Developing a new skill takes time and practice. As long as your child is in a routine of playing at least 3 times a week for 15 – 20 minutes at a time every week, they’re on the path toward developing automaticity.

Here are in-game signs of your child’s progress that show they are learning and on the right track:

  • They understand that the gizmo reflects their heart rate rising and lowering
  • They’re experimenting with different calming strategies to get their heart rate up and down (even if they don’t get it right at first)
  • They’re practicing cooldowns and collecting lavalings by bringing their heart rate down from their red zone
  • They’re playing at least 3 times a week
Lavaling 2

 

As children progress through the program and they practice regularly every week, we see children building confidence and showing signs of progress outside of the games. This may not look exactly how you would expect. Not every child will take a deep breath automatically. This is okay. Each child has their own way to calm down and personalizing this experience shows expertise and confidence.

Although this process and timeline are different for every child, many children begin to show signs of progress in real life situations around 3 months of consistent playing every week.

Here are signs of their progress outside of game play that can show your child’s learning and that they are on the right track:

  • Naturally seem to be recovering and calming more easily
  • Able to persevere in situations that they normally wouldn’t be able to tolerate
  • Able to recognize escalating emotions and cool down intentionally
  • Talk about feelings and heart rate
  • Taking a pause or using a coping skill in a real life situation
  • Being more open to the suggestion of using skills from adults or peers.
ProgressOutofGame Magic Play

 

Parent Role

Families who feel most successful with Mightier are those who incorporate it into their family’s life in a way that feels appropriate for them. Here are some best practices to help your child be as successful as possible with Mightier.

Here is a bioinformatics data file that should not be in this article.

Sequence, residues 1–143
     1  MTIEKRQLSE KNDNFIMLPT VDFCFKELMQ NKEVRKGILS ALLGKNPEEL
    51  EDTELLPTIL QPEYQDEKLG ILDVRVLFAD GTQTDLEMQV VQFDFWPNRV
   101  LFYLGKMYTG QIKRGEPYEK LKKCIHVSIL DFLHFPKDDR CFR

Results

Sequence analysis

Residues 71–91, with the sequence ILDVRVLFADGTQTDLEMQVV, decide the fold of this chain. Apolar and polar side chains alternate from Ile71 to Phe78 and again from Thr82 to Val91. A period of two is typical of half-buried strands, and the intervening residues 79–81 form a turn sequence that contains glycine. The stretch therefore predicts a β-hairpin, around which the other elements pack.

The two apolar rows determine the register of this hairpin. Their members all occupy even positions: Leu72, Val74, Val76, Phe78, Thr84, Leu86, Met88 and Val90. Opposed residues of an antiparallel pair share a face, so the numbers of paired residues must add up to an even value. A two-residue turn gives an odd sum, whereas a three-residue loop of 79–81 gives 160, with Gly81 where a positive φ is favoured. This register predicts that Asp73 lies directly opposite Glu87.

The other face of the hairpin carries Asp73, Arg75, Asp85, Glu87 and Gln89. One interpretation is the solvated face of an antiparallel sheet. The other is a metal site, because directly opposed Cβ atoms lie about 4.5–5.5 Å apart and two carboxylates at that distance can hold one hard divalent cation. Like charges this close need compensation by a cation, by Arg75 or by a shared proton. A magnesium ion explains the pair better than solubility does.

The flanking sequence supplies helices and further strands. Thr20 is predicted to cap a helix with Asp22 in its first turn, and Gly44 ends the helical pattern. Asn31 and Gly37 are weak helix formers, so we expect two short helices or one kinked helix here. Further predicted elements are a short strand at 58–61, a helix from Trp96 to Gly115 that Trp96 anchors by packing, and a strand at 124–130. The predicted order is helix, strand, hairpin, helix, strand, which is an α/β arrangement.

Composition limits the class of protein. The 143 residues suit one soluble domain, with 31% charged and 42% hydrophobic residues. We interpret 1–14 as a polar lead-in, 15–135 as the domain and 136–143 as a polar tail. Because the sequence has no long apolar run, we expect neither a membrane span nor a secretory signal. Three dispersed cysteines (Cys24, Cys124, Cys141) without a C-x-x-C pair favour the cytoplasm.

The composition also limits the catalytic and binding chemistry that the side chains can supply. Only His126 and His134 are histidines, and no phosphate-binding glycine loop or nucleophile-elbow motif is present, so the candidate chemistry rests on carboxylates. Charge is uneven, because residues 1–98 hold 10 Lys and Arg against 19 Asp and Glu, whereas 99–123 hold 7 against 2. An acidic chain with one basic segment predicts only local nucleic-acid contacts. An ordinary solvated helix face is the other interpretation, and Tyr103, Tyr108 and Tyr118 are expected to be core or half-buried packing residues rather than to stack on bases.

Supporting play
Play should be fun, and many children need to feel ownership over this part of the process. Be curious about what your child is doing during play, and show your excitement for their accomplishments if they will let you. Have them teach you how Mightier works and let them be the expert. Overall, don’t worry too much. Their brain, body, and self-esteem need this part of the process. 

 

The “Right” Amount of Parent Involvement
All children are different in terms of the level of support they’ll need while playing Mightier, as well as the level of support they’ll WANT while playing Mightier. Kimberly Siefkes, LISW and Senior Program Specialist, talks about the importance of supporting your child in the way that works best for them.

 

Structuring Mightier Time
We recommend that kids play Mightier at least 3 times each week for 15 – 20 minutes at a time, every week for 90 days. This can be difficult, so here are strategies other families have found to help make sure there is time for Mightier every week:

  • Build Mightier into a set routine so it’s easy to remember
  • Separate Mightier time from other screen time 
  • Get creative with where your child plays.  Bring it in the car or with you when you are on the go.
  • Keep everything charged and out in the open so it’s ready for use whenever they’re ready

We’re here for you

Contact our Family Care Team if you notice that your child is frustrated while playing, feels that playing is too difficult, or if you have questions about how Mightier works. Every child and every family is different, and there is not a “one size fits all” approach to learning. Our clinically trained team is happy to help your family get the most out of Mightier.